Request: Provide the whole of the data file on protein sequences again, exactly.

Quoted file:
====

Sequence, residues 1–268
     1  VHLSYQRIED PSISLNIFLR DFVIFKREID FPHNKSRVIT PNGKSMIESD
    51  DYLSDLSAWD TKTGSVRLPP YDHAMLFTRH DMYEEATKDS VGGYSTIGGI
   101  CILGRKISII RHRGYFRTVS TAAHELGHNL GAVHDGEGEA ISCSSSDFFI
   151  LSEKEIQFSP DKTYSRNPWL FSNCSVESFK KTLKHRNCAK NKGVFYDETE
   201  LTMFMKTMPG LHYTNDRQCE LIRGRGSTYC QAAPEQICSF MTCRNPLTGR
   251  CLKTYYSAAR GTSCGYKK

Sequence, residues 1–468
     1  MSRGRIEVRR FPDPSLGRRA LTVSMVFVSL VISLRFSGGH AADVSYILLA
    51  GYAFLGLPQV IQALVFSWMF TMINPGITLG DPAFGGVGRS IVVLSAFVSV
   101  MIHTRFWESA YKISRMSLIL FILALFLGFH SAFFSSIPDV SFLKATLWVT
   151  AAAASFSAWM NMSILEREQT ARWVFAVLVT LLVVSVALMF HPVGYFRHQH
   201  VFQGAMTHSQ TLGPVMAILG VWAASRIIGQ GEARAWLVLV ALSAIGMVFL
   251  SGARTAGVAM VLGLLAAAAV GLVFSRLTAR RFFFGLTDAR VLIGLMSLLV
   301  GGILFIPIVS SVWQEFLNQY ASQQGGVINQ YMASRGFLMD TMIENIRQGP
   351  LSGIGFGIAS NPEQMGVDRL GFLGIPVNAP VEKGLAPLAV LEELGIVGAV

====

Sequence, residues 1–268
     1  VHLSYQRIED PSISLNIFLR DFVIFKREID FPHNKSRVIT PNGKSMIESD
    51  DYLSDLSAWD TKTGSVRLPP YDHAMLFTRH DMYEEATKDS VGGYSTIGGI
   101  CILGRKISII RHRGYFRTVS TAAHELGHNL GAVHDGEGEA ISCSSSDFFI
   151  LSEKEIQFSP DKTYSRNPWL FSNCSVESFK KTLKHRNCAK NKGVFYDETE
   201  LTMFMKTMPG LHYTNDRQCE LIRGRGSTYC QAAPEQICSF MTCRNPLTGR
   251  CLKTYYSAAR GTSCGYKK

Sequence, residues 1–468
     1  MSRGRIEVRR FPDPSLGRRA LTVSMVFVSL VISLRFSGGH AADVSYILLA
    51  GYAFLGLPQV IQALVFSWMF TMINPGITLG DPAFGGVGRS IVVLSAFVSV
   101  MIHTRFWESA YKISRMSLIL FILALFLGFH SAFFSSIPDV SFLKATLWVT
   151  AAAASFSAWM NMSILEREQT ARWVFAVLVT LLVVSVALMF HPVGYFRHQH
   201  VFQGAMTHSQ TLGPVMAILG VWAASRIIGQ GEARAWLVLV ALSAIGMVFL
   251  SGARTAGVAM VLGLLAAAAV GLVFSRLTAR RFFFGLTDAR VLIGLMSLLV
   301  GGILFIPIVS SVWQEFLNQY ASQQGGVINQ YMASRGFLMD TMIENIRQGP
   351  LSGIGFGIAS NPEQMGVDRL GFLGIPVNAP VEKGLAPLAV LEELGIVGAV